Posts Tagged ‘Kate Santley’

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Lottie Montal in London, 1874

September 10, 2013

Lottie Montal (née Louise Felicie Augustine Jean, 1851-1933), Parisian-born singer, at the time of her appearances at the Alhambra, Leicester Square, London, in 1874.
(cabinet photo: The London Stereoscopic & Photographic Co Ltd, London, 1874. Please note that this photograph has suffered water damage.)

In 1874 Miss Montal was married in London as his third wife to the French-born touring violinist, Horace Remy Poussard (1829-1898). In 1887 Miss Montal was married in New Zealand to Wynne Aubrey MacLean (1857-1890). After his death she lived for a while in London, where she taught singing. She died in London on 13 October 1933.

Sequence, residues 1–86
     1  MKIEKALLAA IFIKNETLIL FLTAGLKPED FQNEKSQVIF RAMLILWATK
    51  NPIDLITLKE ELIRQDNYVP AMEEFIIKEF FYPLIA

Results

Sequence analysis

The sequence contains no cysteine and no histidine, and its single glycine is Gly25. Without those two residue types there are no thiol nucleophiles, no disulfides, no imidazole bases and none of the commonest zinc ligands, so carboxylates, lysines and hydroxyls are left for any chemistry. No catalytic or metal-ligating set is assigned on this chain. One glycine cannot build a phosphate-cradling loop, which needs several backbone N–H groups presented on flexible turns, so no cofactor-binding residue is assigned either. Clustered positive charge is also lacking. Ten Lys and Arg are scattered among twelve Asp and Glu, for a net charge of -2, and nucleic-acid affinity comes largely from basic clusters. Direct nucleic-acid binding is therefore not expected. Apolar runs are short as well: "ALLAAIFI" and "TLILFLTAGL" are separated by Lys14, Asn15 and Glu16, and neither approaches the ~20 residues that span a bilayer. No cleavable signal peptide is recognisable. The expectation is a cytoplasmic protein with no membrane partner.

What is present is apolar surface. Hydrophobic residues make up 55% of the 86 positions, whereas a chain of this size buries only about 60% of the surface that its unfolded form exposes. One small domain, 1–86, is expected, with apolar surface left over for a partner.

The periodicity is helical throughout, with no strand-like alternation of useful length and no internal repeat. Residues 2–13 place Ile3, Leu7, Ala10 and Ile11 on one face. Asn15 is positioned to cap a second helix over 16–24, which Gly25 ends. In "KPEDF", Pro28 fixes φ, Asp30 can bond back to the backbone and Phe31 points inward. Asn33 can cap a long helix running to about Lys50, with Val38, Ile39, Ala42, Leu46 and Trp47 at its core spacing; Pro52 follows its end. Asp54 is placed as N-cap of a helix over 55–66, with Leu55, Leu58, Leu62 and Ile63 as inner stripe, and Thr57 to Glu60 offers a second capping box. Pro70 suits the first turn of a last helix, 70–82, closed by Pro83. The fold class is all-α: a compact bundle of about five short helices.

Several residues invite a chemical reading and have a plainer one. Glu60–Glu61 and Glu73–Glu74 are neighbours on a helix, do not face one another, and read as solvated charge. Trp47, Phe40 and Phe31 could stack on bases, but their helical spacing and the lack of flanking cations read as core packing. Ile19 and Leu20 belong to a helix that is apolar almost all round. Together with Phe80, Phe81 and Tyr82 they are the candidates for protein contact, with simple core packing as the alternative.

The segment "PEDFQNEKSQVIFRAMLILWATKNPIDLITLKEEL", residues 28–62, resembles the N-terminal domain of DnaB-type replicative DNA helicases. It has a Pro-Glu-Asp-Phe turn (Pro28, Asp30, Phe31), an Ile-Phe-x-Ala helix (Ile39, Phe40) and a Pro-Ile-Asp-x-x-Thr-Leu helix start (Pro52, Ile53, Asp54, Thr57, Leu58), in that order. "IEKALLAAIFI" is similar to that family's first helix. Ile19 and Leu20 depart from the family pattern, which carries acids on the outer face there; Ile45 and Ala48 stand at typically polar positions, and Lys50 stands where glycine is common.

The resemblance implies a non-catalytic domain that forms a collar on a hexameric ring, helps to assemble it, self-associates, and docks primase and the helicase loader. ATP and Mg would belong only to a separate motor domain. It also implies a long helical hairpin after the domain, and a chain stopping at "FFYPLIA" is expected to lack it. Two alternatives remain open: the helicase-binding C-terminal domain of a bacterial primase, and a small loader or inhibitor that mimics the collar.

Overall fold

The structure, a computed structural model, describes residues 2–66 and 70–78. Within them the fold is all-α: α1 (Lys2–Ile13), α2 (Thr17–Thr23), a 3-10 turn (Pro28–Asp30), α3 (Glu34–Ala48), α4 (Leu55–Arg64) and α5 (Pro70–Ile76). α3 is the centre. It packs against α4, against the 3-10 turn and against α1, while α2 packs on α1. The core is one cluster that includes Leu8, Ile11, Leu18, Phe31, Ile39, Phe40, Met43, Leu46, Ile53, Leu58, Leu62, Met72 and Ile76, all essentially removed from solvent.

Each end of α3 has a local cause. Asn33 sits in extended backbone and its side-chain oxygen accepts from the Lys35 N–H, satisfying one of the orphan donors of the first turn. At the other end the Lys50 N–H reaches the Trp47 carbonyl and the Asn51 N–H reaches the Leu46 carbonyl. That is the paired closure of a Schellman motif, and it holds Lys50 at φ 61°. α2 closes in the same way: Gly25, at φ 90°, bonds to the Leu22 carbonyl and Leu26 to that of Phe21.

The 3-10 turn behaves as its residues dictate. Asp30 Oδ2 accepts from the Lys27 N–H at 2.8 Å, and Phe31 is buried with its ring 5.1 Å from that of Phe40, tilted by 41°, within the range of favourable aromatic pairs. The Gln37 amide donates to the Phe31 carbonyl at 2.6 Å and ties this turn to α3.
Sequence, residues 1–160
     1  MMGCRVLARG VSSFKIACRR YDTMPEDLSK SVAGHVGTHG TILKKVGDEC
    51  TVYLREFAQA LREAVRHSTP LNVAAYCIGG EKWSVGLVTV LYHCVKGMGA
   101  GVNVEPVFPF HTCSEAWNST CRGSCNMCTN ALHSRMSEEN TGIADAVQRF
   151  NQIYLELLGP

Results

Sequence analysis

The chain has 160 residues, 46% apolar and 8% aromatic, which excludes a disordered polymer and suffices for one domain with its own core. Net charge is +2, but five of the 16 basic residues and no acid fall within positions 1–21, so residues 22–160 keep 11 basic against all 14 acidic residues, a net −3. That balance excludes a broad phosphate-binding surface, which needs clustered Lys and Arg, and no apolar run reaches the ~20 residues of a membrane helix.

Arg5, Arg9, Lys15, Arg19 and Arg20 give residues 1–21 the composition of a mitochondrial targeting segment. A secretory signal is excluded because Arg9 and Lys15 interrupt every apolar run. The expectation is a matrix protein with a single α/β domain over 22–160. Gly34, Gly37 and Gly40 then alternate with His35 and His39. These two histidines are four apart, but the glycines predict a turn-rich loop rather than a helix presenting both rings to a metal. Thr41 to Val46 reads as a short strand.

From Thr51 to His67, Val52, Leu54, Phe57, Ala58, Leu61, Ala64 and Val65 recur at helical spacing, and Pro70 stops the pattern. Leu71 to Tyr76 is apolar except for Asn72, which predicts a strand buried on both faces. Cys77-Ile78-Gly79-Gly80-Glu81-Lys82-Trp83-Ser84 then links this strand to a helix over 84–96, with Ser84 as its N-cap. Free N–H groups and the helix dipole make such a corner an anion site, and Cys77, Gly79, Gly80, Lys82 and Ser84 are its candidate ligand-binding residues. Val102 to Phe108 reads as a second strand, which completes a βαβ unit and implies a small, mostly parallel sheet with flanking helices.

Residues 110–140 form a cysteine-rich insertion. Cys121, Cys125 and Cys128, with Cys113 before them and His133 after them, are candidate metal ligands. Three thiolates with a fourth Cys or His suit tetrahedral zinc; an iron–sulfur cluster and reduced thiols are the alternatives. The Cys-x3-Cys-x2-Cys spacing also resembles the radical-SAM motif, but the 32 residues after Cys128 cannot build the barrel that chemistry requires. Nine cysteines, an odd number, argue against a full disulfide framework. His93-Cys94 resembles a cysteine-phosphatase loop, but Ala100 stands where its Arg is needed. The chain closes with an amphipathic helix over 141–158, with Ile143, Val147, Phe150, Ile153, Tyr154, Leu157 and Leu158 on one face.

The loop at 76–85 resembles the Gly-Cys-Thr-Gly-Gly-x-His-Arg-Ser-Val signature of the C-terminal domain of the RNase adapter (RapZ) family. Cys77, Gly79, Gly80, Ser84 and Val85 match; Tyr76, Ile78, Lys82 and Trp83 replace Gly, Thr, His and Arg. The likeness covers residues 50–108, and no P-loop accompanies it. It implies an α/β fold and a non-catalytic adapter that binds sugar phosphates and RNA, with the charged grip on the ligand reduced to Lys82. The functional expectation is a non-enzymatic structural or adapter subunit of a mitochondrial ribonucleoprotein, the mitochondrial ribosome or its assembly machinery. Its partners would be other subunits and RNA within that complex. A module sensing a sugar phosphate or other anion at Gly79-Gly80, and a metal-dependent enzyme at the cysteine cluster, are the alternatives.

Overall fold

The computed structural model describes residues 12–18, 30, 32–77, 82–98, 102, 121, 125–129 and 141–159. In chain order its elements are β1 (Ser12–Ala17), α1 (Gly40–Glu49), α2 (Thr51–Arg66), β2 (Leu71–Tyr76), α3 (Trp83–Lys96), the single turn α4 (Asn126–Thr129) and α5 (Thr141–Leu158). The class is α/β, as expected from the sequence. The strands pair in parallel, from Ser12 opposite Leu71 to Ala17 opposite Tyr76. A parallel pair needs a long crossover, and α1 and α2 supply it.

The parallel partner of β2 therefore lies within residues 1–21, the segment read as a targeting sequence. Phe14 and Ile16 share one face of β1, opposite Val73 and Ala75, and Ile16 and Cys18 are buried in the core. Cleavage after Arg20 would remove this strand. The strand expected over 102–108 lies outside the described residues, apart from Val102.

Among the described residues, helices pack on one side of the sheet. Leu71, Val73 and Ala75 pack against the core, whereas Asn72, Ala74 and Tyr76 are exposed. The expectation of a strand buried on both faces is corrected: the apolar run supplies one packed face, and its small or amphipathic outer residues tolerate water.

The Alhambra, Leicester Square, London, week beginning 3 August 1874
‘The Alhambra was crowded to repletion on Monday. The herione in The Pretty Perfumeress, recently played by Miss Kate Santley, is now personated by Miss Lottie Montal, an arch, bright-eyed, clever little lady from Australia, who sings nicely and acts charmingly.’
(Reynold’s Newspaper, London, Sunday, 9 August 1874, p. 5d)

The Alhambra, Leicester Square, London, week beginning 10 August 1874